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Clarisse's family are one of the vanishing breed of individuals in the future society; her parents and relatives still remember the pre-book-ban world, and are generally dissatisfied with the new society. Clarisse learns most of her individualism from them, and is thus able to see past government indoctrination and the superficial satisfaction of TV.
When they reached her house all its lights were blazing.
"What's going on?" Montag had rarely seen that many house lights.
"Oh, just my mother and father and uncle sitting around, talking. It's like being a pedestrian, only rarer."
(Bradbury, Fahrenheit 451, Google Books)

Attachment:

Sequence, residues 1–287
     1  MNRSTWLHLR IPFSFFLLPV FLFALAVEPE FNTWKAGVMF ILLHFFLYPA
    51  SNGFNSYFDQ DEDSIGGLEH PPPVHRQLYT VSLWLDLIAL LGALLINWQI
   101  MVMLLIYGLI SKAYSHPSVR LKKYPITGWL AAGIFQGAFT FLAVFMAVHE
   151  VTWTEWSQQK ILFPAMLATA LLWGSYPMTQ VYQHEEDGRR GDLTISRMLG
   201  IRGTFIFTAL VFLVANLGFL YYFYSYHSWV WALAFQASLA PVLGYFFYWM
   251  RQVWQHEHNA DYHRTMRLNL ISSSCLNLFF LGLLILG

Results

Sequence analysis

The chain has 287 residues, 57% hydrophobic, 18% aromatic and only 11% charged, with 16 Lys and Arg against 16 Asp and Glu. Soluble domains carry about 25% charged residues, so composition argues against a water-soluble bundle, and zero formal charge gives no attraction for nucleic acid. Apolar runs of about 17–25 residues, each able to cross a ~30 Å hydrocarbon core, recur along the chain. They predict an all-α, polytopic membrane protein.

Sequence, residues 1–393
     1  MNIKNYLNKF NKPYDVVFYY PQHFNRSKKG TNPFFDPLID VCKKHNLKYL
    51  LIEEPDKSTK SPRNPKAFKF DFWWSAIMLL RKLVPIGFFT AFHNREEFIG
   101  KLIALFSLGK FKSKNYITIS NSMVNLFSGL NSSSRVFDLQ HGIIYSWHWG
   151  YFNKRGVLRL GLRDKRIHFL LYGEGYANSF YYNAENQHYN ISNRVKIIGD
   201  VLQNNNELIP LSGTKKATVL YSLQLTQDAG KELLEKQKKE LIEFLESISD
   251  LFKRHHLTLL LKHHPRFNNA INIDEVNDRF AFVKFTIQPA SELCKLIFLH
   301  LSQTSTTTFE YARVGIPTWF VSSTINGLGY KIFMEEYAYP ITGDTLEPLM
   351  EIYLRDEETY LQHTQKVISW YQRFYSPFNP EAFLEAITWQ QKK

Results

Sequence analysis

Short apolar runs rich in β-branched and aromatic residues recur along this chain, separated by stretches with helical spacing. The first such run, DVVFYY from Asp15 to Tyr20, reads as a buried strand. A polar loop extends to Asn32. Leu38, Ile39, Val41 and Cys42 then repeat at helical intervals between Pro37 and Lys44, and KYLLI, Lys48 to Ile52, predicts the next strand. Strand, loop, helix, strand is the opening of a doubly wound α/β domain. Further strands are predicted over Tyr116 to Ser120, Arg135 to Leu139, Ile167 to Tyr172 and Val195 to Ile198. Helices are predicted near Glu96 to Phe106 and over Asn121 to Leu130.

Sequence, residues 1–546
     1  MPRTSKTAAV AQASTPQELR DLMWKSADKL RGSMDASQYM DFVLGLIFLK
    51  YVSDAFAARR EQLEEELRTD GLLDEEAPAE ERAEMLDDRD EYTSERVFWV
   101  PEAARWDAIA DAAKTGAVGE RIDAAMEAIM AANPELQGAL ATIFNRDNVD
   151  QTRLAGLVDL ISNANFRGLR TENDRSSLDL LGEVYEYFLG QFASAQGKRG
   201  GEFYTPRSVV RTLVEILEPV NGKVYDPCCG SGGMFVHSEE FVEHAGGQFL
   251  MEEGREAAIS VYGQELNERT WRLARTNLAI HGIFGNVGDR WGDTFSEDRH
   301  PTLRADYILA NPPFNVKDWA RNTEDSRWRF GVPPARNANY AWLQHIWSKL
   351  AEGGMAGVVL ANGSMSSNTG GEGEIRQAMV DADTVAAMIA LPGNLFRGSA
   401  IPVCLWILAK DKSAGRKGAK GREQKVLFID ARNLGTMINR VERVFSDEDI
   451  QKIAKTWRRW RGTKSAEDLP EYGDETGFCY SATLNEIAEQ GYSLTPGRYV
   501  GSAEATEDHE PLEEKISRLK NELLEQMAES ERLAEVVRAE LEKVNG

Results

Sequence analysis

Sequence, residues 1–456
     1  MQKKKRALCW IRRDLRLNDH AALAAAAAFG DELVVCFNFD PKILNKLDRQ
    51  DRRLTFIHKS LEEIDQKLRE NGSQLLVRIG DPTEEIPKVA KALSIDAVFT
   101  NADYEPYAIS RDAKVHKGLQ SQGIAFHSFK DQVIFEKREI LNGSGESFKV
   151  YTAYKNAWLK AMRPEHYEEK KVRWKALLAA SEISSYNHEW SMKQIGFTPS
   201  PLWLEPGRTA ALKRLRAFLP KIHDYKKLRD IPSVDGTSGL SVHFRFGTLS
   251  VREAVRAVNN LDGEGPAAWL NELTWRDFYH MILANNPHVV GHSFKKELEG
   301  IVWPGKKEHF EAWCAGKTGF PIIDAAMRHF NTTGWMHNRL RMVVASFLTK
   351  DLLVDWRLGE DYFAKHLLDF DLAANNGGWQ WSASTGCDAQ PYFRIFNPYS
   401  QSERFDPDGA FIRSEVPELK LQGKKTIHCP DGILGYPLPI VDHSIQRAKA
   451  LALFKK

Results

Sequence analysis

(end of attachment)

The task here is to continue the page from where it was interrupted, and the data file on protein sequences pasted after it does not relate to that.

Montag's surprise comes from his own typical life; he does not yet understand how unhealthy it is to sit and watch TV all the time, or why the TV shows are so empty of content. Instead, he equates TV, and shared TV watching, with normal societal interaction. The concept of "sitting around talking" is almost alien to him; he only converses on the job or while walking with someone. The strangeness of Clarisse's family, and his sudden desire to experience them, is one of the things that sets Montag on his path to individualism.
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